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Coso groundwater study completed

February 8, 2011

The Inyo County Water Department is accepting comments on the Coso/Hay Ranch Groundwater Transfer Project evaluation. The project has completed its first year of operation and has been evaluated and recalibrated by a third-party consulting firm.
The Conditional Use Permit for the project allows Coso Operating Company to pump water from its Hay Ranch property for use at its geothermal power plant. The Hay Ranch sits atop the Rose Valley aquifer.
One of the key provisions of the CUP for this project was the adoption of the Hydrologic Mitigation and Monitoring Program to establish monitoring and mitigation to ensure that the project does not harm the environment or other water users in Rose Valley. There has been concern that Little Lake, down-stream from the project, could be adversely affected by the project.
The HMMP describes the use of the Rose Valley groundwater model to revise pumping rates and groundwater level triggers for the project, and requires that the recalibrated groundwater model used to establish new groundwater trigger levels for the network of monitoring wells listed in the HMMP. Also, the HMMP requires that the recalibrated model be used to redefine the pumping rate and duration of pumping for the project. The new trigger levels, pumping rate, and duration of pumping will be incorporated into an amendment to the HMMP.
The recalibrated model, modifications to trigger levels, and redefined pumping rates and pumping duration must be reviewed and approved by the Inyo County Water Department.
Consultant Daniel B. Stephens and Associates has completed the recalibration of the model and reevaluated the pumping rate, duration and water level triggers. The consultant made several modifications to the model, including re-examination of the water budget for Rose Valley, modifications to the model grid, recalibration of aquifer geometry and parameters, incorporation of pre-project transient effects into model simulations, and revisions to the boundary conditions of the model. The result is three groundwater-pumping scenarios that would not result in significant environmental impacts.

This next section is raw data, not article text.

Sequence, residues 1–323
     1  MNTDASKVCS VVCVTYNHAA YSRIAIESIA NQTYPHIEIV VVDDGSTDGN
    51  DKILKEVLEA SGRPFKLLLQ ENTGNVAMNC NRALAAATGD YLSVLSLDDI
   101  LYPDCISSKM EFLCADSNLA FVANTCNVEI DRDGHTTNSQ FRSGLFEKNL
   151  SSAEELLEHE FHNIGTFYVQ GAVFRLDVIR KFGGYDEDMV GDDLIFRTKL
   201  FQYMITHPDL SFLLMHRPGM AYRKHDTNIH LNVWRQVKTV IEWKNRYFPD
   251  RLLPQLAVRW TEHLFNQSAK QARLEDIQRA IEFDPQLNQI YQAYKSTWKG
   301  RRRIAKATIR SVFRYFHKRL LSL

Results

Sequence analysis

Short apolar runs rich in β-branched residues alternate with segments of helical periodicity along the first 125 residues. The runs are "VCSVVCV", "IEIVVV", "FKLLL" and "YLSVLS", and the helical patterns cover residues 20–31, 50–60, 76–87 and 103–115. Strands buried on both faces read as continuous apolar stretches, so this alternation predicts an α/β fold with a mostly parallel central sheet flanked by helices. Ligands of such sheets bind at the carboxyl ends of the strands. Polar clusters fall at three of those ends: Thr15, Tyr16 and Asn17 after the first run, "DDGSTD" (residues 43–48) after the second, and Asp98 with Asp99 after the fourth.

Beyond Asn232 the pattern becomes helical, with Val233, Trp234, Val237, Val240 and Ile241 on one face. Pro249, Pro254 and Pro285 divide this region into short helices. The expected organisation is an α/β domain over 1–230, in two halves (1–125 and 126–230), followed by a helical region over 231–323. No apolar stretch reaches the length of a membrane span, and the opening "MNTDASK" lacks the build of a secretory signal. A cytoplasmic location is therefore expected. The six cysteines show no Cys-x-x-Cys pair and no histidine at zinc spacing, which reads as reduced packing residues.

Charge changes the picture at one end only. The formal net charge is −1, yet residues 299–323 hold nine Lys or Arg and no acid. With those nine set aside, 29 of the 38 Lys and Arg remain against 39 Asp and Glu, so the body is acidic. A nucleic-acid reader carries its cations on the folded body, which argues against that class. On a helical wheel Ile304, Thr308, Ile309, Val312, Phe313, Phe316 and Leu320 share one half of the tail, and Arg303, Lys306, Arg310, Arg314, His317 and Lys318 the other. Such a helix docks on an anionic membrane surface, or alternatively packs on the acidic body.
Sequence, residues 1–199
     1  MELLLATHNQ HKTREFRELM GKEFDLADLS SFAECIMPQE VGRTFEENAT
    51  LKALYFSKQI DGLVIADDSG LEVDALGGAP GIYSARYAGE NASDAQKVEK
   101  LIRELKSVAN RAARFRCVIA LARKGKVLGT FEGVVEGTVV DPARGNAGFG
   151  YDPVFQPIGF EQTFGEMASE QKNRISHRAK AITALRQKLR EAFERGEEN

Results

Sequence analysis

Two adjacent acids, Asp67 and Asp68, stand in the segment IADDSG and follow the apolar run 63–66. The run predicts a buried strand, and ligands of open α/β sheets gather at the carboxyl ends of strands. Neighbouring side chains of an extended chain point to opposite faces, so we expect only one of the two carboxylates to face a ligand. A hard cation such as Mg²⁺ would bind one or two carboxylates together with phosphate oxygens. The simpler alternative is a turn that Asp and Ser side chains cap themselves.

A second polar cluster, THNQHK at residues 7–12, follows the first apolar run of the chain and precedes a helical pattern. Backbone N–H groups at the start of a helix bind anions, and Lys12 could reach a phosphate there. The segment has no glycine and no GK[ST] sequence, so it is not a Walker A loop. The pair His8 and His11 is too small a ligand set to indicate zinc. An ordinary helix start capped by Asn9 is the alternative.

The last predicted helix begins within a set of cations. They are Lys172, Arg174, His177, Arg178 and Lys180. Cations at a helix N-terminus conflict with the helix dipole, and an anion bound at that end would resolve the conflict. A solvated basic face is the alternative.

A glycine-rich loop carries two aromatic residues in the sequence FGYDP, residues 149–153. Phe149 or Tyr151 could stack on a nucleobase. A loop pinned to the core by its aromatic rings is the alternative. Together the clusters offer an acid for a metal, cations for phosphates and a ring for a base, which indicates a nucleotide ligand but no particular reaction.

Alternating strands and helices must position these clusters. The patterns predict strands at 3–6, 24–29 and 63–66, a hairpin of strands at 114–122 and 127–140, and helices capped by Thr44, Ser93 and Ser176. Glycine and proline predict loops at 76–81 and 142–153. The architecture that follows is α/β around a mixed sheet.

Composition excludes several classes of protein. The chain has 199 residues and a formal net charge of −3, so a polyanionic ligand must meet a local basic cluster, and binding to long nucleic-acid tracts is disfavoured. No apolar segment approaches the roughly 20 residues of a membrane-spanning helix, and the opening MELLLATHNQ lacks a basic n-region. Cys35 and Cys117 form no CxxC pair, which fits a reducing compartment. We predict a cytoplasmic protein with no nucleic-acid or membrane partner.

The recalibrated model indicates that pumping at 4,839 acre-feet per year could continue for 2.7 years past the end of the first year of pumping. According to the recalibrated model, the currently-permitted rate of pumping of 3,000 acre-feet per year could continue for 4.5 years before significant impacts to Little Lake would occur, or if the project were to continue to pump for the full 30-year period of the Conditional Use Permit, pumping would be limited to 790 acre-feet per year.
The final report produced by the consultant is available for public review at: http://www.inyowater.org/coso/default.htm.
The water department will accept comments on the consultant’s report from the public from now until March 2, after which, in accordance with the HMMP and the conditional use permit, the Water Department will approve new groundwater level triggers, pumping rate, and pumping duration for the next phase of the project.
Those wishing to review the groundwater model files that the report is based upon may contact the Water Department at (760) 878-0001.
Comments may be submitted by mail to: Inyo County Water Department, P.O. Box 337 Independence, CA 93526.
Or by e-mail to: bharrington@inyocounty.us
For more information call the water department at (760) 878-0001.

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